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The Kidney Stone WebSite by Roger Baxter
An Educational Resource for Sufferers with Kidney Stones
by Roger Baxter
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Symptoms of Kidney Stones

Kidney stones may be formed, grow in size, and stay immobile inside the kidney for years without any warning pain or other indicators. Most people don't know they are at risk for forming kidney stones until one or more have been formed. A few people have and pass small kidney stones without experiencing pain, but that is not the usual case. More often the kidney stone makes itself dramatically known when it begins to move through the urinary tract.

A kidney stone attack has classic symptoms: the most agonizing pain in the lower back just below the ribs spreading around to the front of the abdomen and often extending into the groin area. The pain may come in waves as the stone tries to move through the tube between the kidney and the bladder (the ureter). Sometimes there will be blood in the urine. Often there is nausea, fever and chills, and vomiting. The abdomen or lower back may be painful to touch.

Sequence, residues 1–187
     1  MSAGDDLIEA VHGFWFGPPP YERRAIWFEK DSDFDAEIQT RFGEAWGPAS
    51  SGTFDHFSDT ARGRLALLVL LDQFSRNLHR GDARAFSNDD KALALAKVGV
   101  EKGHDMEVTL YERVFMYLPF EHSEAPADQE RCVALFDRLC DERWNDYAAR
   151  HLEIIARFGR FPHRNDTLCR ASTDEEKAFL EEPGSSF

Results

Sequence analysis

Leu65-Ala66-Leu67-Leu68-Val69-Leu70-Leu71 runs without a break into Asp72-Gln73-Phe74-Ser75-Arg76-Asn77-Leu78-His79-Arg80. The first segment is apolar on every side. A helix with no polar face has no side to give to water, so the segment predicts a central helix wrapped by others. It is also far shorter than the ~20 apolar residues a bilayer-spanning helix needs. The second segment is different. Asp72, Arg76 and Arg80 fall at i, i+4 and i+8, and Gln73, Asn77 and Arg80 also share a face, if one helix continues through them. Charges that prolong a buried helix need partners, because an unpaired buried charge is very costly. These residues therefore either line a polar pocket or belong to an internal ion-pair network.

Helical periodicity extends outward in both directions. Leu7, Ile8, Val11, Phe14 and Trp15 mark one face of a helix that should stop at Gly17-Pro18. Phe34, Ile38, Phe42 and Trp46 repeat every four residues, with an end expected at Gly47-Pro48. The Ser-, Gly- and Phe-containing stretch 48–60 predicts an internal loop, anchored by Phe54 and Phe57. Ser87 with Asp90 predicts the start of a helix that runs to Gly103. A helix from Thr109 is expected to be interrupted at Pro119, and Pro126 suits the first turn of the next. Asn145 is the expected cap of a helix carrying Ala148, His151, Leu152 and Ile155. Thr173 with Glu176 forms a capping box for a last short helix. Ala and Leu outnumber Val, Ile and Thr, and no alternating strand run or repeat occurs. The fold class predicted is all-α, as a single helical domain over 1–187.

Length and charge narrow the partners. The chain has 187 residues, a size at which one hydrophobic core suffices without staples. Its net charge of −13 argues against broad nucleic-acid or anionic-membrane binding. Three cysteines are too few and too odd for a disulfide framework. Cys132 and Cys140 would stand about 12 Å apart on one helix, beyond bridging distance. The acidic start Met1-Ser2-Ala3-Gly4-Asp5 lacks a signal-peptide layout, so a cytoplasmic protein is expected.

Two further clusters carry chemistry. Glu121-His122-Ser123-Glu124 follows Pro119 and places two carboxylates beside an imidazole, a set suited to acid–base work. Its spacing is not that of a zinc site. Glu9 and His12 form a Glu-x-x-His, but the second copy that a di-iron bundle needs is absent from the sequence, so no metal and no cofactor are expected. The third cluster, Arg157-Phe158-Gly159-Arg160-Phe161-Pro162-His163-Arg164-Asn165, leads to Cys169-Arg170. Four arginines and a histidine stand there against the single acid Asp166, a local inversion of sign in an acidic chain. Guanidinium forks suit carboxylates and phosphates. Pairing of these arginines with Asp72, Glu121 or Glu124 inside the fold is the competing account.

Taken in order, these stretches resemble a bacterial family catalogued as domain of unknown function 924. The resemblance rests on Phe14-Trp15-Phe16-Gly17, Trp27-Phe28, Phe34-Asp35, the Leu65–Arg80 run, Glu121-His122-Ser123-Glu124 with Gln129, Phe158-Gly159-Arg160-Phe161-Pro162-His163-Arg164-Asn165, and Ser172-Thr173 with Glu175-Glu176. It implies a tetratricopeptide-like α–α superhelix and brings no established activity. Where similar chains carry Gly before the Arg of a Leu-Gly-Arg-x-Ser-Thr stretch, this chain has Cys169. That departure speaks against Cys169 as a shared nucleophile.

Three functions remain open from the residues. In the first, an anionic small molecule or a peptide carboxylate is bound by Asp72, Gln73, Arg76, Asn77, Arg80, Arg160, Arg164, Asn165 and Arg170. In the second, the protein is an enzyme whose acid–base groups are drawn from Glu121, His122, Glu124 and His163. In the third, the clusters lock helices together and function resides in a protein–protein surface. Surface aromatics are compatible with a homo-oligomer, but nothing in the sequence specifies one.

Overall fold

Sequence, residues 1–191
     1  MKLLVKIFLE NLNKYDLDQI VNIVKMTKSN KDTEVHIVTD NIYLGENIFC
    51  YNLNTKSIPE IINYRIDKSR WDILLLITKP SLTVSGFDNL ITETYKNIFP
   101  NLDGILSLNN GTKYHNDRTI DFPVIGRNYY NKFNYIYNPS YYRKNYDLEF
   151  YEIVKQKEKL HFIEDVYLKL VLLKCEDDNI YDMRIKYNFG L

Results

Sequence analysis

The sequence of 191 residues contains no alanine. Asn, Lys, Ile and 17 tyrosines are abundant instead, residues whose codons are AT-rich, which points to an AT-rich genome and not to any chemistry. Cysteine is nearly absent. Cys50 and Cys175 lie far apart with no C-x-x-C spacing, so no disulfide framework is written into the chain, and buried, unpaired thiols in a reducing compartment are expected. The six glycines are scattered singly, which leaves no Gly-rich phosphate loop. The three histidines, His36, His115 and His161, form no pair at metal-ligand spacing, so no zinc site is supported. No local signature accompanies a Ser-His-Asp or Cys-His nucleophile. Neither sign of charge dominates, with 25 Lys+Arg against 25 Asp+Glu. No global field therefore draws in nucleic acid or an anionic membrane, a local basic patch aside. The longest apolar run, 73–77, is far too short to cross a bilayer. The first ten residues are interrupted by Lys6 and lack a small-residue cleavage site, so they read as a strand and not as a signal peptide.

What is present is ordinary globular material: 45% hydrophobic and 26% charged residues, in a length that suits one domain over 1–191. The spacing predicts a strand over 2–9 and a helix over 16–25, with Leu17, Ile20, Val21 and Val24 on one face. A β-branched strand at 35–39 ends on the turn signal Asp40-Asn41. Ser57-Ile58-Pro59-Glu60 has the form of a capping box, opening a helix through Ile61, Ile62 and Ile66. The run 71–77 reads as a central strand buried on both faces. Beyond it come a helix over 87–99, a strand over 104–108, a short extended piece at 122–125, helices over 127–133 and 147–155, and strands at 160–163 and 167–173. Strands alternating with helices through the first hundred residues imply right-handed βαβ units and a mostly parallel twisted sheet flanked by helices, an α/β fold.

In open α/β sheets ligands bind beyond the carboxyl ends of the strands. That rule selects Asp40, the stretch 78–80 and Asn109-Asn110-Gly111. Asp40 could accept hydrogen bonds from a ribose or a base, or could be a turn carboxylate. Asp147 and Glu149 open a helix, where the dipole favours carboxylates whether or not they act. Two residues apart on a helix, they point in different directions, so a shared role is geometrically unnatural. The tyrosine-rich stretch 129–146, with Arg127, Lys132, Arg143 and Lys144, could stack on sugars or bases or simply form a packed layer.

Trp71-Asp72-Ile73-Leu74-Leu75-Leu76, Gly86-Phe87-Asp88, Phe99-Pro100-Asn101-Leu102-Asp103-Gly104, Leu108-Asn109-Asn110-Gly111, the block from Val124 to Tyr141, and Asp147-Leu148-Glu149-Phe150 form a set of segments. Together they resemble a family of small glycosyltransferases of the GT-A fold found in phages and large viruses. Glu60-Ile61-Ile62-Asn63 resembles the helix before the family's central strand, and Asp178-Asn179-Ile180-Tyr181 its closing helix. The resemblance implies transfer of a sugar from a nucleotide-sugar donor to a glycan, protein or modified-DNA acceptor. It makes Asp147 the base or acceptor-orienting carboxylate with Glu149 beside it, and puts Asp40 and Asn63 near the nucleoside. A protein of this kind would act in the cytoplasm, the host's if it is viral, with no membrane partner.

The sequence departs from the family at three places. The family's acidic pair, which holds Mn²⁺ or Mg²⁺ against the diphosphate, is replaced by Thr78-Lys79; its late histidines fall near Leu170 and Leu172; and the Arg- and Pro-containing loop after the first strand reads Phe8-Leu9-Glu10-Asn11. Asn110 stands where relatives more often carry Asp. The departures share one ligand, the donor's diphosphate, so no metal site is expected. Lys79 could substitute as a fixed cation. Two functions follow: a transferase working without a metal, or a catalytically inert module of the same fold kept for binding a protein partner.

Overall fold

The severity of the pain is no indicator of the size of the passing kidney stone. This pain is often described as the worst pain a person has ever suffered even by women who have given birth. It is reported to be more painful than gun shots, surgery, broken bones, or even burns. The pain is not a result of the stone moving or tearing the ureter as a sufferer might suspect. Rather, the pain is caused by the dilating or stretching of the urinary tract being blocked by the stone when it gets stuck in the ureter.

More than one million people in the United States are hospitalized each year because of kidney stone attacks. A suffer should call their doctor or go to the hospital emergency room if they experience severe or persistent bleeding, if the pain continues to be severe, unrelenting and persistent, if fever and chills or nausea and vomiting develop, or if urine smells especially bad or looks cloudy.

During a kidney stone attack the sufferer should drink large amounts of water (two to three quarts per day). Stay active. Do not go to bed (except for normal sleep periods). Physical activity may actually assist passage of the kidney stones.

©1997-2016 Roger Baxter

Latest update March 29, 2017

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